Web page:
May 30, 2018
Johns Hopkins radiologists are working with Johns Hopkins computer science students and faculty, to helping develop a tumor-detecting algorithm that could be built into CT scanner software to detect pancreatic cancer.
Microwave ablation is a type of thermal ablation, a minimally invasive outpatient procedure that has a low risk of complications and a relatively quick recovery. The procedure is performed using CT guidance.
Suburban hospital patients benefit from the most advanced care possible, using an intervention that involves retrieving the clot from the large vessels of the brain where it is doing damage.
November 6, 2017
Mapping Brain Connectivity with MRI May Predict Outcomes for Cardiac Arrest Survivors, Study Finds
A new study led by Johns Hopkins researchers found that measures of connectivity within specific cerebral networks were strongly linked to long-term functional outcomes in patients who had suffered severe brain injury following a cardiac arrest.
October 25, 2017
Johns Hopkins Radiologist Elliot Fishman, M.D. is the winner of three Aunt Minnie awards including 'Most Effective Radiology Educator', 'Best Radiology Mobile App' and 'Best Radiology Image'.
October 19, 2017
Karen M. Horton, M.D., has been named director of the Russell H. Morgan Department of Radiology and Radiological Science. She had been interim director of the department and chairman of the board of Johns Hopkins Medical Imaging, LLC, since February 2016.
October 18, 2017
Nearly 200 clinicians, house staff members and administrators from 70 academic medical centers joined forces at a conference hosted by Johns Hopkins that focused on delivering better patient care by reducing unnecessary health care practices.
October 16, 2017
Among the members elected to the National Academy of Medicine is Martin Pomper, M.D., Ph.D., a professor in the Johns Hopkins Medicine Russell H. Morgan Department of Radiology and Radiological Science and director of our division of Nuclear Medicine and Molecular Imaging.
June 29, 2017
It's estimated that 20% to 50% of imaging scans in the U.S. may be unnecessary, and radiology exams accounted for more than 100 overutilization targets in the Choosing Wisely campaign. With these facts in mind, radiologists and clinicians at Johns Hopkins Hospital are collaborating to develop an ambitious plan to solve the problem.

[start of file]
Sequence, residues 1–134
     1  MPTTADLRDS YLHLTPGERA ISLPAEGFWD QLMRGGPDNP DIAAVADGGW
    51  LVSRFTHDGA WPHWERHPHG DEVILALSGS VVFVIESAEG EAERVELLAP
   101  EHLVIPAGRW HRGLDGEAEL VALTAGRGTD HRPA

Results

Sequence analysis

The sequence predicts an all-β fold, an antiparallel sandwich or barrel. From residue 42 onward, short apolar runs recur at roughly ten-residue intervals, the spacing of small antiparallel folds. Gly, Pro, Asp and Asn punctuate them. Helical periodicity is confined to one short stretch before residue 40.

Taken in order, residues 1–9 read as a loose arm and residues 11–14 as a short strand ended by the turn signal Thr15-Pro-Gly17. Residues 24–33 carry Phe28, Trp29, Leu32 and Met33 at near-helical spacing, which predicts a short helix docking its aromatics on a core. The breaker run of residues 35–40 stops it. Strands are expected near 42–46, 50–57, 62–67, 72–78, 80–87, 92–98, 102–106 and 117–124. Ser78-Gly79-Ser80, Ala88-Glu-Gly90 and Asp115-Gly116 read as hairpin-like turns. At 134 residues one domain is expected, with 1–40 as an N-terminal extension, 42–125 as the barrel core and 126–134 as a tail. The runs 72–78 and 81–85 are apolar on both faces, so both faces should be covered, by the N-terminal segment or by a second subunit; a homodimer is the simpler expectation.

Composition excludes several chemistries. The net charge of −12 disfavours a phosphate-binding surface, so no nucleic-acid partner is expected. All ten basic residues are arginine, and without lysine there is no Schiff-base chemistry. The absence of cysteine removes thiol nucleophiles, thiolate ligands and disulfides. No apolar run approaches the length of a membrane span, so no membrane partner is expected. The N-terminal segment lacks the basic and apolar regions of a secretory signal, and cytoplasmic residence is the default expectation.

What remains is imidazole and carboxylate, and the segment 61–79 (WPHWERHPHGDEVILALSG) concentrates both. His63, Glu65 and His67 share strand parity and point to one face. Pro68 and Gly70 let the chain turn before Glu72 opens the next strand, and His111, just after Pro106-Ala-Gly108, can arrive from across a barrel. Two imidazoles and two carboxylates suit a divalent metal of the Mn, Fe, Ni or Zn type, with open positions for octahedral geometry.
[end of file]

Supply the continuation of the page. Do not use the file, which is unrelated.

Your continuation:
Inaugural Dysautonomia Conference held at The Johns Hopkins Hospital
Over 100 clinicians, researchers and patients came together for a daylong conference on dysautonomia: the anatomy, physiology, pathology and related treatments of the autonomic system.
April 28, 2017
The Interventional Radiology Bedside Service, which launched Oct. 1, 2016, allows patients who need image-guided procedures to have shorter waits.
May 3, 2017
Helistroke Service: Flying the Physician to the Stroke Patient Works
To test the feasibility of a physician-to-patient model that could potentially improve outcomes for a time-sensitive procedure, investigators designed a study to fly Ferdinand K. Hui, M.D., associate professor of radiology and radiological science at the Johns Hopkins University School of Medicine, by Johns Hopkins Lifeline from Baltimore to a National Institutes of Health Stroke Center at Suburban Hospital in Washington, D.C. —39.4 miles away — to treat a stroke victim.
April 19, 2017
Noninvasive Imaging Test Shown Accurate in Ruling out Kidney Cancers
The latest in a series of studies led by researchers at Johns Hopkins Medicine shows that addition of a widely available, noninvasive imaging test called 99mTc-sestamibi SPECT/CT to CT or MRI increases the accuracy of kidney tumor classification.
December 12, 2016
Elliot Fishman, M.D., Director of Diagnostic Imaging and Body CT and Professor of Radiology and Radiological Science, was given The Best Consulting Physician award. The award is presented to physicians providing superior consulting or specialized services.
December 11, 2016
The Johns Hopkins Department of Radiology has highlighted a sample of their accomplishments in all three parts of their tripartite mission of research, education and patient care.